Mary M. Teet



Claimant appeared in person.
Joy M. Bolling, Assistant Attorney General, for the State of West Virginia.

An application of the claimant, Mary M. Teet, for an award under the West Virginia Crime Victims Compensation Act, was filed August 28, 2000. The report of the Claim Investigator, filed March 16, 2001, recommended that no award be granted, to which the claimant timely responded. An Order was issued on May 25, 2001, upholding the Investigator's recommendation, in response to which the claimant's request for hearing was filed June 8, 2001. This matter came on for hearing October 19, 2001, the claimant appearing in person, and the State of West Virginia by counsel, Joy M. Bolling, Assistant Attorney General.
On or about July 10, 2000, the claimant's 42-year-old son, Elmer Eugene Teet, was shot and killed by Walter J. Thompson, Jr., in Beckley, Raleigh County. The offender was indicted on first-degree murder charges. He pleaded guilty to manslaughter, and was sentenced to a term of six months to two years in the Anthony Correctional Center.
The initial denial of an award was based on the alleged contributory misconduct of the victim, Elmer Eugene Teet. Based on the report of the Beckley Police Department, the offender shot the victim because the victim owed him money for drugs.
At the hearing, claimant Mary M. Teet testified that her son's probation officer had advised her that her son was "clean" when he was tested for drugs, and that "everybody tells me that he wasn't on no kind of drugs" (Transcript, page 5). She also indicated that "they" told her that "the boy (Walter Thompson) was just up there showing off but said he didn't mean to shoot my son." The claimant further stated that her son's body lay in the rain for over two hours, and that his funeral expenses were $5,000.00.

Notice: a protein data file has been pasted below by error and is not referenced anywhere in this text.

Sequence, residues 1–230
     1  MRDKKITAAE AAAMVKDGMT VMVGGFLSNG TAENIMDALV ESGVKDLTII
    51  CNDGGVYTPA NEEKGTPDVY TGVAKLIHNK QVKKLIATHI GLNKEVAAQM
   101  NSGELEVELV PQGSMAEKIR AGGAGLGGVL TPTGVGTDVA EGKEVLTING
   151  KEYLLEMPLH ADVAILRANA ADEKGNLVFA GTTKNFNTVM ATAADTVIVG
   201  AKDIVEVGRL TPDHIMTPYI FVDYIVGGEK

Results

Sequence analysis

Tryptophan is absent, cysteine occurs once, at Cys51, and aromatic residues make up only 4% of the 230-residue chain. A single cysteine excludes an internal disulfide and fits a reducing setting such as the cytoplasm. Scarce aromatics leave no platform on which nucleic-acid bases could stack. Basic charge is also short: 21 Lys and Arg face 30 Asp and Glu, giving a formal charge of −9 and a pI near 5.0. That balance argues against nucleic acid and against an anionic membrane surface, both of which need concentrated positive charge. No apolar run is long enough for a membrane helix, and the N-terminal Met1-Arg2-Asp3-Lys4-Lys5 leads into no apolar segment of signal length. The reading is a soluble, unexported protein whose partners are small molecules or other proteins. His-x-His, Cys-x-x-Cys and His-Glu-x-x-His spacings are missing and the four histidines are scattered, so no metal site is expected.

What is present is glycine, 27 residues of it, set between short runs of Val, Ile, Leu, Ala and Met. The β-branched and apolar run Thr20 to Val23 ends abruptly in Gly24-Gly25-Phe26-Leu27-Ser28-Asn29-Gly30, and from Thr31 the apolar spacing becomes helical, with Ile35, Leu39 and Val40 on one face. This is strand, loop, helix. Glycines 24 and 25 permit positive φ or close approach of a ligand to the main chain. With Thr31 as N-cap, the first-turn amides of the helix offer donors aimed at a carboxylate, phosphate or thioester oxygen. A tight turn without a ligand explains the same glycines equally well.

Corporal Dean R. Bailey of the Beckley Police Department confirmed that the body was not discovered
by the first officer on the scene. Corporal Bailey was the second officer to respond to shots fired in the area; he stated that tall grass probably obscured the view the first time (Transcript, page 18). He stated that the investigation led officials to believe that the shooting resulted from "an argument over drugs or money or both" (Transcript, page 13).
Upon additional questioning by the State, Ms. Teet admitted that four or five months prior to the shooting, she paid money to a drug dealer "because I didn't want my son dead" (Transcript, page 21).
The final witness at the hearing, Davide Hudson, stated that he was present during the criminal proceeding. He indicated that "Not one time in that court hearing have I heard that it was over a drug deal gone bad or anything like that" (Transcript, page 23).
It is evident to this Court that the claimant did what she could to protect her son, and his death was indeed a tragedy. But the circumstances surrounding the shooting remain unclear. Witness statements are in conflict as to whether it was an accident or whether the offender meant to kill the victim.
When the events leading up to criminal conduct are too vague to determine whether or not the victim played a role, this Court has declined to approve an award of compensation. From the evidence in the record of this claim, it seems more likely than not that the motive for the shooting was somehow linked to illegal drug activity.
Based on the foregoing, the claim must be, and is hereby, denied.